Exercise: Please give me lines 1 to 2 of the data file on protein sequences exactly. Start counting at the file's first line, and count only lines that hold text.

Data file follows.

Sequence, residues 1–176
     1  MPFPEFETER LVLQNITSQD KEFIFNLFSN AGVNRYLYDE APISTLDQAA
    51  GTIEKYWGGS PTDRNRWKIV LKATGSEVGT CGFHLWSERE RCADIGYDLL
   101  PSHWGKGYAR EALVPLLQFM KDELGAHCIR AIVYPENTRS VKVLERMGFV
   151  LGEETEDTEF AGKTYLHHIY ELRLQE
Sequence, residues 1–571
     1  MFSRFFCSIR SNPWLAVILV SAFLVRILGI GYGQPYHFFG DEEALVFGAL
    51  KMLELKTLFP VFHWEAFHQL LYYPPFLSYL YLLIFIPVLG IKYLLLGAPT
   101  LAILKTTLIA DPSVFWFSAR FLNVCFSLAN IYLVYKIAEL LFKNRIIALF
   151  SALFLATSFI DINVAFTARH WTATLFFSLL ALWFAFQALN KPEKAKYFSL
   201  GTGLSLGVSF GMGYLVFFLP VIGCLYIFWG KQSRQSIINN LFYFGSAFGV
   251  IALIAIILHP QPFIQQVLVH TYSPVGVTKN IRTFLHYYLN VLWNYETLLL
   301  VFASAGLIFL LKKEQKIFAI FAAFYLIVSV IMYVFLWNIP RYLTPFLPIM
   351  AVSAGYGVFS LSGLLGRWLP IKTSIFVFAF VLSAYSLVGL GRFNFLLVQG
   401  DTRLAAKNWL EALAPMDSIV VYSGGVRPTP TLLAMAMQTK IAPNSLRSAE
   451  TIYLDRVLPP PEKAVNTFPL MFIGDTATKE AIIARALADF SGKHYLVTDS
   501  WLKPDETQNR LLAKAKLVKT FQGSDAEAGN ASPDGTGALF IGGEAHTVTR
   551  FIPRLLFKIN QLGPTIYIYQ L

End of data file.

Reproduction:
Sequence, residues 1–176
     1  MPFPEFETER LVLQNITSQD KEFIFNLFSN AGVNRYLYDE APISTLDQAA